T-Mobile USA, Inc. v. Selective Ins. Co. of Am. (Majority and Dissent)

Annotate this Case
Justia Opinion Summary

The United States District Court for the Ninth Circuit certified a question of law to the Washington Supreme Court. Specifically, the federal appellate court asked whether an insurance company was bound by its agent’s written representation (made in a certificate of insurance) that a particular corporation was an additional insured under a given policy. This question arose in a case where: (1) the Ninth Circuit already ruled that the agent acted with apparent authority; but (2) the agent’s representation turned out to be inconsistent with the policy; and (3) the certificate included additional text broadly disclaiming the certificate’s ability to “amend, extend or alter the coverage afforded by” the policy. The Washington Supreme Court responded yes: an insurance company is bound by the representation of its agent in the circumstances presented by the federal court. “Otherwise, an insurance company’s representations would be meaningless and it could mislead without consequence.”

Download PDF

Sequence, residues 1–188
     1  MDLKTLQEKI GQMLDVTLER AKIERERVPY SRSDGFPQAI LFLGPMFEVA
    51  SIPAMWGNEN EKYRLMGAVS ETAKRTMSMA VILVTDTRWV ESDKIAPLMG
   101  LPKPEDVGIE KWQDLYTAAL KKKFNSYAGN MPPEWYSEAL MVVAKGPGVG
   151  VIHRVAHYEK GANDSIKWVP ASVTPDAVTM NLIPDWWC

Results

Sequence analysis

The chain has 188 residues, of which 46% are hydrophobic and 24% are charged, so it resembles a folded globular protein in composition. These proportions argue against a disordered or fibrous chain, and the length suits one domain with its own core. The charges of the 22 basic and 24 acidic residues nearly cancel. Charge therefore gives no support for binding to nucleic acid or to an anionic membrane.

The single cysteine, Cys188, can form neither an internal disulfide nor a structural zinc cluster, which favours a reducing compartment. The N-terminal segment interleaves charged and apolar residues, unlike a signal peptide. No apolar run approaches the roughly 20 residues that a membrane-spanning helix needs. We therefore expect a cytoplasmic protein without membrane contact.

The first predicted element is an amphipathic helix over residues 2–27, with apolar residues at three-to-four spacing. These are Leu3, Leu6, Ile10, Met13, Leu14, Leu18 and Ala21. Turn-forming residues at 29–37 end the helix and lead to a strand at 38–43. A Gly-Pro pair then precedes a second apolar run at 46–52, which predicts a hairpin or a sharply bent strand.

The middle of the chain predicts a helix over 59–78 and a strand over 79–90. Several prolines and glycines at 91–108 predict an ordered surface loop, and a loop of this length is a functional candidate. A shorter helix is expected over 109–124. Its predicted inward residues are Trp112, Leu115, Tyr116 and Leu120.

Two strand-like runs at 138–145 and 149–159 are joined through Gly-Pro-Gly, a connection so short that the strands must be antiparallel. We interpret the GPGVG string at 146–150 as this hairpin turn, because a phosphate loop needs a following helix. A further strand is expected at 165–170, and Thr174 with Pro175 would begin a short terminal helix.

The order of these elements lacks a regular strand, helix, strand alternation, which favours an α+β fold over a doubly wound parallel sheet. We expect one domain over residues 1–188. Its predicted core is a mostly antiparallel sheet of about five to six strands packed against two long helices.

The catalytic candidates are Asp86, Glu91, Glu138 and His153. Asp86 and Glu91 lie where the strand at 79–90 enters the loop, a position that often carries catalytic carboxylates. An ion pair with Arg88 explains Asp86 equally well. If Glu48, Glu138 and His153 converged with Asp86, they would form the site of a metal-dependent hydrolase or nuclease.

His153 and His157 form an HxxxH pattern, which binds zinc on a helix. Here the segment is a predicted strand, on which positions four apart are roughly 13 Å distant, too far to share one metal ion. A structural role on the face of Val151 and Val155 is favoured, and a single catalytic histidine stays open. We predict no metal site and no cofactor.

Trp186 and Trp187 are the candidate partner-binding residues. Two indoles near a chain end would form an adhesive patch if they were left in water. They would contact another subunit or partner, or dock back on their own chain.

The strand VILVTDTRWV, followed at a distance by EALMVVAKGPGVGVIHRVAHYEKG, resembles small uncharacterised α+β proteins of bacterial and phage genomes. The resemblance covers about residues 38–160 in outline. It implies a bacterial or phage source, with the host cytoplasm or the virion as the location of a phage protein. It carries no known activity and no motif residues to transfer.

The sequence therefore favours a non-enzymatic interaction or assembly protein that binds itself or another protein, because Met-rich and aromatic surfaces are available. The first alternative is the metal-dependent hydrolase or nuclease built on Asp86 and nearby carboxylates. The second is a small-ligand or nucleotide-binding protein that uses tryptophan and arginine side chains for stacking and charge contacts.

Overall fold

riTTEx This opinion was filed for record IN CLERKS OFFICE 8UPRBE COURT,SIXTE OF \A2ALSH!HeT0ll at ?S^on .ID DATE ^^'7 I fl f||Q Susan L. Carlson Supreme Court Clerk ^ax^ GHieF JUSTICE IN THE SUPREME COURT OF THE STATE OF WASHINGTON CERTIFICATION FROM THE UNITED No. 96500-5 STATES COURT OF APPEALS FOR THE NINTH CIRCUIT IN EN BANC T-MOBILE USA INC, a Washington corporation, Filed OCT 1 0 2019 Plaintiff-Appellant, SELECTIVE INSURANCE COMPANY OF AMERICA, Defendant-Appellee. GORDON McCLOUD,J.—The Ninth Circuit has asked this court whether an insurance company is bound by its agent's written representation—made in a certificate of insurance—that a particular corporation is an additional insured under a given policy. The question arises in a case where: (1)the Ninth Circuit has already ruled that the agent acted with apparent authority, but(2)that agent's representation turned out to be inconsistent with the policy and (3)the certificate included additional text broadly disclaiming the certificate's ability to "amend. extend or alter the coverage afforded by" the policy. T-Mobile USA, Inc. v. Selective Ins. Co. ofAm.,^o. 96500-5 Under this state's law, the answer is yes: an insurance company is bound by the representation of its agent in those circumstances. Otherwise, an insurance company's representations would be meaningless and it could mislead without consequence. Factual and Procedural History At the heart of this case are two T-Mobiles: T-Mobile USA and T-Mobile Northeast(T-Mobile NE). They are distinct legal entities.' T-Mobile USA, Inc. v. Selective Ins. Co. ofAm., 908 F.3d 581, 583 n.l (9th Cir. 2018). T-Mobile NE wanted to construct a cell phone tower on a rooftop in New York City. Id. at 583-84. It engaged the services of a contractor to help it do so. Id.; see also 3 Excerpts of Record(ER)at 499-516 (agreement). The contract between T-Mobile NE and the contractor required the contractor to obtain a general liability insurance policy, to annually provide T-Mobile NE "with certificates of insurance evidencing [that policy's] coverage," and to name T-Mobile NE as an additional insured under the policy. 3 ER at 504-05. T-Mobile '"T-Mobile Northeast LLC . .. is a limited liability company organized under the laws of the State of Delaware. T-Mobile[USA] is the sole member of T-Mobile NE, which is a wholly-owned subsidiary of T-Mobile [USA]." 4 Excerpts of Record at 81718 (declaration of T-Mobile USA's employee); see also id. at 821-24 (T-Mobile NE's formation documents). T-Mobile USA, Inc. v. Selective Ins. Co. ofAm., 96500-5 USA was not a party to the contract, id. at 503, but was nonetheless aware of it and approved the contract as to form, id. at 516. The contractor obtained the required insurance policy from Selective Insurance Company of America. T-Mobile USA,908 F.3d at 583; see also 3 ER at 518-639 (policy). The policy was—and remains—a claims-made policy. 3 ER at 532. It provided that a third party would automatically become an additional insured under the policy if the contractor and the third party entered into their own contract and that contract required the contractor to add the third party to its insurance policy as an additional insured. T-Mobile USA,908 F.3d at 583. T-Mobile NE therefore became an additional insured under the policy by virtue of its contract with the contractor. T-Mobile NE and the contractor worked together to build the cell phone tower on the New York City rooftop. Id. at 584. Because T-Mobile USA did not have a contract with the contractor, it did not automatically become an additional insured under the policy. Nonetheless, over the course of approximately seven years, Selective's agent issued a series of certificates of insurance, including the one underlying this dispute, to "T-Mobile USA Inc., its Subsidiaries and Affiliates" that stated that those entities were "included as an additional insured [under the policy] with respect to" certain areas of coverage. 2 ER at 132 (certificate at issue); see also 3 ER at 642-52; 4 ER at T-Mobile USA, Inc. v. Selective Ins. Co. ofAm.,^0. 96500-5 833 (other certificates). The agent signed those certificates as Selective's '"Authorized Representative.'" 4 ER at 827. The agent explained that it "began issuing the T-Mobile Additional Insured [certificates of insurance] because [the contractor] informed us that its agreements with T-Mobile required that T-Mobile be named as an additional insured under [the contractor's] insurance policies and that T-Mobile qualified as an additional insured per the standard terms of Selective's policies for that reason." Id. Selective never objected to the agent's issuance of the certificates. Id. at 826 (declaration of agent's principal). Given those facts, the Ninth Circuit held that the agent acted with apparent authority in issuing the certificate at issue, which "clearly lists T-Mobile USA as an additional insured under the policy."^ T-Mobile USA,908 F.3d at 586 n.5. But the certificate was issued on an industry-standard form and included preprinted industry-standard disclaimers. 2 BR at 132; Br. of Amicus Curiae Am. Prop. & [Gas.] Ins. Ass'n at 4(explaining this). It stated in bold capital letters that the certificate "is issued as a matter of information only and confers no rights upon the certificate holder," "does not affirmatively or negatively amend, extend or alter ^ The Ninth Circuit left unresolved whether the agent was acting with actual authority. T-Mobile USA, 908 F.3d at 586 n.5. T-Mobile USA, Inc. v. Selective Ins. Co. ofAm., No. 96500-5 the coverage afforded by the" insurance policy, and "does not constitute a contract between the issuing insurer(s), authorized representative or producer, and the certificate holder." 2 ER at 132(formatting omitted). It also stated in bold,"If the certificate holder is an ADDITIONAL INSURED,the policy(ies) must be endorsed. ... A statement on this certificate does not confer rights to the certificate holder in lieu of such endorsement(s)." Id. (boldface omitted). Eventually, the owner of the New York City rooftop on which T-Mobile NE and the contractor had constructed the cell phone tower sued the contractor and T-Mobile in federal district court in New York for damages associated with the construction. T-Mobile USA,908 F.3d at 584 & n.4. But the owner sued T-Mobile USA, not T-Mobile NE. Id. T-Mobile USA and the contractor each tendered the building owner's claim to Selective. Id. at 584. Selective accepted the contractor's tender but rejected T-Mobile USA's tender. Id. at 584-85. Following T-Mobile USA's motion for summary judgment in the New York litigation, the building owner amended its complaint, naming T-Mobile NE (and dropping T-Mobile USA)as the defendant. 4 ER at 678. Because Selective had not accepted T-Mobile USA's tender, though, T-Mobile USA incurred expenses defending itself up to that point of the New York litigation. T-Mobile USA,Inc. v. Selective Ins. Co. ofAm., No. 96500-5 T-Mobile USA,which is headquartered in Washington, sued Selective in King County Superior Court. T-Mohile USA,908 F.3d at 585. It "assert[ed] claims for breach of contract, declaratory judgment, common law insurance bad faith, common law attorney's fees, and violation of consumer fraud statutes." Id. All of those claims were based on the fact that Selective failed to recognize T-Mobile USA as an additional insured. Id. Selective, which is headquartered in New Jersey, removed the case to federal district court.^ Id. After discovery. Selective moved for summaryjudgment,"requesting that TMobile USA's claims be dismissed in their entirety because ... the 2012 [certificate ofinsurance] could not confer coverage on T-Mobile USA." Id. The district court granted the motion and dismissed all of T-Mobile USA's claims. Id. T-Mobile USA appealed on several grounds. The Ninth Circuit certified only the following question to this court: "Under Washington law, is an insurer bound by representations made by its authorized agent in a certificate of insurance with respect ^ Selective then filed several motions. The district court denied the motion to transfer venue to New Jersey, 1 ER at 96(order), and denied the motion to apply New Jersey law to the breach of contract claim, id. at 90-91. But that court granted the motion to apply New Jersey law to the common law, bad faith, and statutory consumer fraud claims. Id. at 96. The parties did not challenge those rulings on this appeal. Br. ofPl.Appellant at 1-3 (9th Cir. Docket No. 17-35932 (2018)); Appellee's Responsive Br. at 1 (9th Cir. Docket No. 17-35932(2018)). T-Mohile USA, Inc. v. Selective Ins. Co. ofAm., No. 96500-5 to a party's status as an additional insured under a policy issued by the insurer, when the certificate includes language disclaiming its authority and ability to expand coverage?" Id. at 588. The Ninth Circuit noted that "T-Mobile USA does not contend that the [certificate of insurance] is relevant to interpreting the Policy. Rather, T-Mobile USA contends that Selective is bound by [the agent's] representation in the [certificate of insurance] that T-Mobile USA is an additional insured." Id. at 585. Discussion A certified question presents a question of law. RCW 2.60.020; RAP 16.16. This court "consider[s] the legal issues presented based on the certified record provided by the federal court." Wright v. Lyft, Inc., 189 Wn.2d 718, 722, 406 P.3d 1149(2017)(citing Bradburn v. N. Cent. Reg'l Library Dist., 168 Wn.2d 789, 799, 231P.3dl66 (2010)). I. Selective Is Bound by the Representations of Its Agent The general rule in Washington is that "an insurance company is bound by all acts, contracts, or representations of its agent, whether general or special, which are within the scope of[the agent's] real or apparent authority notwithstanding they are in violation of private instructions or limitations upon [the agent's] authority, of which the person dealing with [the agent], acting in good faith, has neither actual nor constructive knowledge." 7 T-Mobile USA, Inc. v. Selective Ins. Co. ofAm., No. 96500-5 Pagniv. N.Y. Life Ins. Co., 173 Wash. 322, 349-50, 23 P.2d 6(1933)(quoting 32 C.I.Insurance § 140, at 1063 (1923)); see also Chi. Title Ins. Co. v. Office of Ins. Comm 'r, 178 Wn.2d 120, 136, 309 P.3d 372(2013). The Ninth Circuit made clear that Selective is an insurance company, that it had an agent, and that the agent acted with apparent authority when it issued the certificate to T-Mobile USA. T-Mobile USA,908 F.3d at 586 n.5. In these circumstances, under Washington law. Selective is bound by the representations its agent made in the certificate of insurance. Selective argues that its agent's representation should not bind it because T-Mobile USA's alleged reliance on the representation, see 2 ER at 121-24, was unreasonable. The reliance was unreasonable, according to Selective, because T-Mobile USA knew that it was not a party to a contract with the contractor—and therefore not an additional insured under the contractor's policy. As Selective correctly notes, T-Mobile USA approved T-Mobile NE's contract with the contractor. That contract explicitly stated that T-Mobile USA was not a party to the contract. But the Ninth Circuit has already ruled that Selective's agent acted with apparent authority. That ruling conclusively resolves this argument. Apparent authority "depend[s] upon objective manifestations made by the principal." King T-Mobile USA, Inc. v. Selective Ins. Co. ofAm.,lAo. 96500-5 V. Riveland, 125 Wn.2d 500, 507, 886 P.2d 160(1994)(citing Smith v. Hansen, Hansen & Johnson, Inc., 63 Wn. App. 355, 363, 818 P.2d 1127 (1991)). Those objective manifestations by the principal "must cause the [third party] to actually, or subjectively believe, that the agent has authority to act for the principal" and ''be such that the [third party'5] actual, subjective beliefis objectively reasonable''' Id. (emphasis added)(citing Smith, 63 Wn. App. at 364). Thus, in ruling that the agent acted with apparent authority, the Ninth Circuit necessarily decided that T-Mobile USA's belief that the agent was authorized to issue a certificate naming it as an additional insured was "objectively reasonable.'"^ T-Mobile USA's objectively reasonable belief that the agent had authority to issue the certificate necessarily makes its reliance on that certificate reasonable. As noted, there is a factual basis for the Ninth Circuit's determination. The Ninth Circuit pointed out that Selective appointed the agent as its agent and that the agent signed the certificates of insurance "as Selective's 'Authorized Representative.' [The agent] also testified that [the agent] had previously issued [certificates of insurance] for [the contractor's] policies directly to T-Mobile USA on Selective's behalf, and that Selective never objected to [the agent's] issuance ofthose [certificates]." T-Mobile USA, 908 F.3d at 586 n.5. Additionally, as T-Mobile USA points out, one of Selective's employees appears to have admitted that it would have been reasonable for T-Mobile USA "to understand that it was an additional insured under the very Selective policy at issue in this case." 5 ER at 1021. T-Mobile USA, Inc. v. Selective Ins. Co. ofAm.,']Ao. 96500-5 Accordingly, under the general rule, Selective is bound by the representations that its agent made to T-Mobile USA when the agent issued the certificate of insurance. 11. The Certificate's General Disclaimers Are Not Effective We therefore turn to the certificate of insurance to determine what promises Selective, through its authorized agent's representations, made. That certificate of insurance actually contains contradictory representations. On the one hand, it says that T-Mobile USA was an additional insured under the policy, i.e., that the policy covers T-Mobile USA. On the other hand, it says that nothing in the certificate changes the policy—and the policy does not cover T-Mobile USA. So which of those contradictory representations binds Selective? Selective argues that the preprinted disclaimers made all the specific, written-in, additional statements about coverage completely ineffective. It points out that the certificate stated that it was issued as a matter of"information only." Def.-Appellee, Selective Ins. Co. of Am.'s, Answering Br. at 46. And as amicus notes,"The specific form used here, the ACORDl^l 25, is a [certificate of insurance] that was 'developed as a non-binding form issued to third parties as The Association for Cooperative Operations Research and Development. 10 T-Mobile USA, Inc. v. Selective Ins. Co. ofAm., No. 96500-5 evidence of insurance of the named insureds.'" Br. of Amicus Curiae Am. Prop. & [Cas.] Ins. Ass'n at 4. T-Mobile USA counters that the preprinted disclaimers were ineffective because they were general boilerplate, whereas the additional insured statement had been specifically written into the certificate. Opening Br. ofPI.-Appellant TMobile USA,Inc. at 29. T-Mobile USA is correct. A basic rule of textual interpretation is that the specific prevails over the general. Residents Opposed to Kittitas Turbines v. State Energy Facility Site Evaluation Council, 165 Wn.2d 275, 309, 197 P.3d 1153 (2008). We follow this rule when we interpret statutes and contracts, see, e.g., Ohio Sec. Ins. Co. v. AXIS Ins. Co., 190 Wn.2d 348, 353, 413 P.3d 1028 (2018) (statutes); McGary v. Westlake Inv'rs, 99 Wn.2d 280, 285-86, 661 P.2d 971 (1983) (contracts), and for that reason, we follow this rule when we interpret certificates of insurance. As this court has explained, we inteipret "the language of the certificate in a manner understandable to the average person." Fittro v. Lincoln Nat'I Life Ins. Co., Ill Wn.2d 46, 50, 757 P.2d 1374(1988){CXmg State Farm Gen. Ins. Co. v. Emerson, 102 Wn.2d 477,687 P.2d 1139 (1984)). The average person's '"[ajttention and understanding are likely to be in better focus when language is specific or exact.'" Foote v. Viking Ins. Co. ofWis., 57 Wn. App. 11 T-Mobile USA, Inc. v. Selective Ins. Co. ofAm., No. 96500-5 831, 834-35, 790 P.2d 659(1990)(quoting Restatement(Second)of Contracts § 203 cmt. e(Am.LawInst. 1981)). Here, the preprinted disclaimers are general in nature. They purport to disclaim virtually every bit of information provided by the certificate. By contrast, the additional insured statement that the agent wrote in specifically refers to certain areas of policy coverage and makes a discrete representation that "T-Mobile USA Inc., its Subsidiaries[,] and Affiliates" "is included as an additional insured." 2 ER at 132. This specific written-in additional insured statement thus prevails over the preprinted general disclaimers. That conclusion respects the specific purpose for which the certificate was issued: to inform T-Mobile USA, its subsidiaries, and its affiliates that they are additional insureds under the policy.^ Giving effect to the disclaimers, by contrast, would render issuance of the certificate—and the specific representation within it—^pointless. Contrary to Selective's argument, the certificate would have no ^ As amici note, this is not an uncommon arrangement. Certificates of insurance play an important role in facilitating commerce because they inform certificate holders, who are frequently outsiders to the relationship between the insurance company and its primary insured, that an insurance relationship exists—whether that is between the insurer and its primary insured or between the insurer and an additional insured. Amicus Curiae Br. of Associated Gen. Contractors of Wash, at 2-3; cf. Br. of Amicus Curiae Am. Prop. & [Cas.] Ins. Ass'n at 4("Under normal circumstances, [certificates of insurance] are issued as a service to policyholders who need to demonstrate the existence of insurance coverage to a third party."). 12 T-Mobile USA, Inc. v. Selective Ins. Co. ofAm.,lAQ. 96500-5 informational value at all. All it would do is '"set a trap'" for the certificate holder.^ Fittro, 111 Wn.2d at 53 (quoting Riske v. Nat'I Gas. Co., 268 Wis. 199, 207,67 N.W.2d 385 (1954)).« III. Representing a Fact in a Certificate of Insurance Does Not Render the Representation Meaningless The Ninth Circuit was unsure whether the line of decisions discussed above governed the outcome of this case, in light of the fact that this court has also stated, "[T]he purpose of issuing a certificate of insurance is to inform the recipient thereof that insurance has been obtained; the certificate itself, however, is not the equivalent of an insurance policy." Postlewait Constr., Inc. v. Great Am. Ins. Co., 106 Wn.2d 96, 100-01 & n.7, 720 P.2d 805 (1986)(citing cases). The quoted statement from Postlewait is accurate. But it addressed a different situation. In Postlewait, a crane owner leased its cranes to a construction company. 106 Wn.2d at 97. The lease required the construction company to obtain insurance for the cranes, and the construction company did so. Id. at 97-98. ^ To be clear, we do not hold that all disclaimers are ineffective. We hold that the disclaimers at issue here are ineffective because they completely and absolutely contradict the other, more specific promises in that same certificate. ^ We recognize that Fittro posed a different question that arose in the context of a different statutory scheme. See 111 Wn.2d at 52 (stating that its holding applies "when the certificate is issued under statutory mandate and is the only document the insured is likely to see"). 13 T-Mobile USA, Inc. v. Selective Ins. Co. ofAm., No. 96500-5 The construction company's policy did not, however, cover the crane owner's losses. Id. at 98. It covered the construction company's losses. Id. at 100. Critically, the certificate of insurance did not even purport to cover the crane owner's losses either. The construction company's broker—who was not an agent of the insurance company—provided two certificates of insurance to the crane owner. Both certificates stated that the construction company had obtained coverage for the cranes, id. at 98, 100; neither certificate represented that the crane owner was an additional insured. Nevertheless, the crane owner cancelled its own insurance policy covering the cranes. Id. at 98. "Then later yet,[one of the cranes] was damaged in two separate arson fires while it was in the [construction company's] care." Id. The crane owner "sought payment for the damage directly from the insurer." Id. When the crane owner and the insurance company were unable to agree, the crane owner sued. Id. The insurance company defended on the ground that the crane owner was not an insured or a third-paity beneficiary to the policy. Id. We agreed with the insurance company. We held that the crane owner did not have an action against the insurance company because it was not an additional insured, a loss payee, or an intended third-party beneficiary. Id. at 99. We based this decision on the fact that neither the policy itself nor the certificates of 14 T-Mobile USA, Inc. v. Selective Ins. Co. ofAm., No. 96500-5 insurance conferred such status on the crane owner. In that context, we stated that a certificate of insurance '"is not, and does not purport to be, a policy, but states that a policy covering the goods is in existence.'" Id. at 100 (quoting Postlewait Constr., Inc. v. Great Am. Ins. Cos., 41 Wn. App. 763, 767, 706 P.2d 636 (1985)). We agreed with other courts that "the purpose of issuing a certificate of insurance is to inform the recipient thereof that insurance has been obtained; the certificate itself, however, is not the equivalent of an insurance policy." Id. at 100-01 & n.7 (citing cases). Selective relies on those observations. But they don't apply here. They applied in Postlewait because the insurance company's agent had no role in the representations at all, the certificates of insurance contained no representation about the status of the certificate holder (the crane owner), and the certificates contained only a representation of the insured status of another entity (the construction company). This case, in contrast, is about an agent's representation— which the agent happened to make in a certificate of insurance—^that explicitly names T-Mobile USA as the additional insured. 15 T-Mobile USA, Inc. v. Selective Ins. Co. ofAm., No. 96500-5 Our decision in Postlewait is therefore completely consistent with our decision today.^ An agent's authorized or apparently authorized representation is a representation, whether it is transmitted via letter, e-mail, certificate of insurance, or something else.'® IV. Public Policy Supports Application of the Rule That Selective Is Bound by Its Agent's Representation Amicus American Property and Casualty Insurance Association argues that holding Selective to the representation of its agent would conflict with public policy. "In essence, this would permit the [certificate of insurance] to completely supplant the policy terms." Br. of Amicus Curiae Am. Prop, & [Gas.] Ins. Ass'n at 14. "If fundamental contract certainty can be so easily undermined, individual issuers will presumably be forced to consider declining to authorize the use of any ^ The other decision cited by the Ninth Circuit, International Marine Underwriters v. ABCD Marine, LLC, 165 Wn. App. 223, 267 P.3d 479 (2011), aff'd 179 Wn.2d 274, 313 P.3d 395 (2013)(plurality opinion), is similarly distinguishable. In that case, the Court of Appeals held that two certificates of insurance did not confer additional insured status on a particular corporation, NSI (Northland Services Inc.). 165 Wn. App. at 232-33. But the certificates at issue had been issued to two different corporations, Naknek and Northland Holdings; contained no representations about NSI; and were not issued by the insurance company or its agent. Id.; see also Int'l Marine, 179 Wn.2d at 277(describing the certificates). '® To be sure, all the information contained within the transmittal document, along with how that information is arranged within the transmittal document, can affect the interpretation of what was actually represented to the party receiving the document. See Part II, supra. 16 T-Mobile USA, Inc. v. Selective Ins. Co. ofAm., No. 96500-5 [certificates of insurance], which would represent an unfortunate—and unnecessary—end to the use of a tool that many stakeholders find useful when appropriately limited to its intended use as an 'information-only' communication that clearly explains that status." Id. at 15. The public policy of the State of Washington actually compels the opposite conclusion. Insurance companies act through, and are bound by, the representations of their agents made with actual or apparent authority. Enforcing those authorized representations has a modest aim: it provides the principal with an additional incentive to ensure that the agent's representations—made in person, on the phone, or in writing—are true. Even though American Property and Casualty Insurance Association frames its argument in terms of certificates of insurance, the argument is actually an attack on the rule that an insurance company is bound by the acts and representations of its agent. But this court adopted that rule in 1933 because it was good public policy then, and we hold that it remains good policy now." See Pagni, 173 Wash, at 349-53.'^ " Because our state's long-standing public policy favors holding Selective to the authoritative representation of its agent, we find Seleetive and American Property and Casualty Insurance Association's numerous citations to out-of-state authority unpersuasive in this case. "If this result injures Selective, which must now treat T-Mobile USA as an insured even though its policy does not, that problem "should be addressed between the agent and the principal." Sumitomo Marine & Fire Ins. Co. ofAm. v. So. Guar. Ins. Co. 17 T-Mobile USA, Inc. v. Selective Ins. Co. ofAm.,^o. 96500-5 Conclusion We answer the Ninth Circuit's certified question this way: an insurance company's agent who makes an authoritative representation binds the insurance company, even when that specific representation is transmitted via a certificate of insurance and accompanied by general disclaimers. ofGa., 337 F. Supp. 2d 1339, 1350(N. D. Ga. 2004)(citing Hutsell v. U.S. Life Title Ins. Co., 157 Ga. App. 845, 847, 278 S.E.2d 730 (1981)). 18 T-Mobile USA Inc. v. Selective Ins. Co. ofAm., No. 96500-5 WE CONCUR: 19 T-Mobile USA, Inc. v. Selective Ins. Co. ofAm. No. 96500-5 MADSEN,J.(dissenting)—It is undisputed that T-Mobile USA,Inc. was not covered as an additional insured under any insurance policy from Selective Insurance Company of America. See, e.g., 3 Excerpts of Record(ER)at 503 ("Contractor expressly acknowledges and agrees that T-Mobile USA,Inc. is not a party to this Agreement."), 518-639 (insurance policy). To overcome this lack of coverage, T-Mobile USA relies on certificates of insurance and an insurance agent's statements to the contrary—statements indicating that T-Mobile USA was insured. 2 ER at 132; 3 ER at 642-52. T-Mobile USA contends, and the majority agrees, that these certificates and the agent's statements are binding on Selective Insurance, requiring it to cover T-Mobile USA. I disagree. Certificates of insurance cannot supplant a policy that does not award coverage. Certificates are tools of the insurance trade. They are informational documents only. E.g., Boseman v. Conn. Gen. Life Ins. Co., 301 U.S. 196, 203, 57 S. Ct. 686, 81 L. Ed. 1036(1937)(stating that a certificate of insurance "served merely as evidence of the insurance of the employee"); Postlewait Constr., Inc. v. Great Am. Ins. Cos., 106 Wn.2d 96, 100-01, 720 P.2d 805 (1986)("the purpose of issuing a certificate of insurance is to No. 96500-5 Madsen, J., dissenting inform the recipient thereof that insurance has been obtained").' Certificates do not confer insurance coverage—which is found in the insurance policy itself—nor do they create a contractual relationship between an insurer and an additional insured. Atlas Assur. Co. V. Harper, Robinson Shipping Co., 508 F.2d 1381, 1386 (9th Cir. 1975)("[A certificate] 'is not, and does not purport to be, a policy, but states that a policy covering goods is in existence.'"); Postlewait, 106 Wn.2d at 101 ("the certificate itself, however, is not the equivalent of an insurance policy."); see also 3 CouCH ON INSURANCE § 40:31 (3d ed.)("Generally, a certificate of insurance . . . cannot create a contractual relationship between an insurer and an alleged additional insured if the policy itself does not provide for such a relationship."). Moreover, the certificates at issue here contained standard disclaimer language conferring "no rights upon the certificate holder" or amending, extending, or altering the coverage. 2 ER at 132; 4 ER at 831. In other words, because the insurance policy did not recognize T-Mobile USA as an additional insured, the certificates of insurance have no effect on T-Mobile USA's coverage.^ 'Our sister court in New Hampshire has gone as far as to characterize a certificate as "a worthless document" that "does no more than certify that insurance existed on the day the certificate was issued." Bradley Real Estate Tr. v. Plummer & Rowe Ins. Agency, Inc., 609 A.2d 1233, 1235 (1992). ^ This is the prevailing view of courts that have considered the issue. E.g., Mountain Fuel Supply V. Reliance Ins. Co., 933 F.2d 882, 556 (10th Cir. 1991)(the "majority view is that where a certificate of insurance . . . expressly indicates it is not to alter the coverage of the underlying policy, the requisite intent is not shown and the certificate will not effect a change in the policy"); Steven Plitt, The Impact ofCertificates ofInsurance in Determining the Availability of Coveragefor Additional Insureds, 30 Ins. Litig. Rep. 461 (2008)("[A] certificate of insurance is not part of the policy—if it states that there is coverage but the policy does not, the policy controls. This is the majority view."). Courts have generally held that certificates do not control over insurance policies for two reasons: (1) certificates are informational only and show evidence that insurance exits and (2) disclaimers contained in most certificates plainly state that No. 96500-5 Madsen, J., dissenting Accordingly, I disagree with the majority that T-Mobile USA's certificates of insurance take precedence over an insurance policy that simply does not cover T-Mobile USA. Nor would I apply equitable estoppel principles in this case. Robinson v. City of Seattle, 119 Wn.2d 34, 82, 830 P.2d 318 (1992). Equitable estoppel requires (1) a party's admission, statement, or act inconsistent with its later claim,(2) reasonable reliance on that act by another party, and (3)injury to the relying party. Id. Assuming the insurance agent here acted as an agent for Selective Insurance, T-Mobile USA did not "reasonably" rely on the certificates. The record indicates T-Mobile USA believed the certificates provided coverage based on one declaration. 2 ER at 121-24 (declaration ofinsurance and claims manager Lisa Bauer). The certificates' disclaimers clearly stated the documents did not confer any "rights" or "amend, extend or alter" the terms of the policy. E.g., Ala. Elec. Coop., Inc. v. Bailey's Constr. Co., 950 So. 2d 280,285-86(Ala. 2006) (holding it unreasonable to rely on a certificate ofinsurance to confer coverage based on its disclaimer language). And T-Mobile USA is a sophisticated business entity with extensive experience dealing with insurance matters. the terms of the insurance policy control. Plitt, supra. "As a general rule, where a certificate or endorsement states expressly that it is subject to the terms and conditions ofthe policy, the language ofthe policy controls." Taylor v. Kinsella, 742 F.2d 709, 711 (2d Cir. 1984)(citing cases in support); see also Boseman, 301 U.S. at 203 ("[T]he certificate is not a part ofthe contract of, or necessary to, the insurance.... It served merely as evidence of the insurance."); Erie Ins. Exch. v. Gosnell, 246 Md. 724, 731, 230 A.2d 467(1967)("If there is a conflict between the terms ofthe policy and the statements in the certification, the terms ofthe policy control."). No. 96500-5 Madsen, J., dissenting This is not to say that equitable estoppel could never be applicable when a certificate is alleged to provide more coverage than an underlying policy where a party can show reasonable reliance. That is not the case here. Here, T-Mobile USA seeks something it was never entitled to—insurance coverage. As a sophisticated business entity, T-Mobile USA cannot be said to have reasonably relied on certificates of insurance proclaiming coverage it did not contract for or purchase. Awarding coverage to T-Mobile USA now would be a windfall for the company and a misuse of the tool of certificates of insurance. Under a different set of facts, a party might have a complaint for coverage. When a certificate of insurance reflects coverage and an agent of the insurer somehow (either negligently or intentionally) failed to secure the insurance and the party obligated to provide insurance is sued for failing to do so, that party is not without recourse. In the present case, not only did T-Mobile USA have no relationship with Selective Insurance, it had no right against the insurance purchaser because there was never any agreement that the insurance would cover T-Mobile USA. Because I disagree with the majority that a certificate of insurance takes precedence over an insurance policy and I do not find equitable estoppel principles applicable, I would answer no to the certified question. With these considerations in mind, I respectfully dissent. No. 96500-5 Madsen, J., dissenting 3J-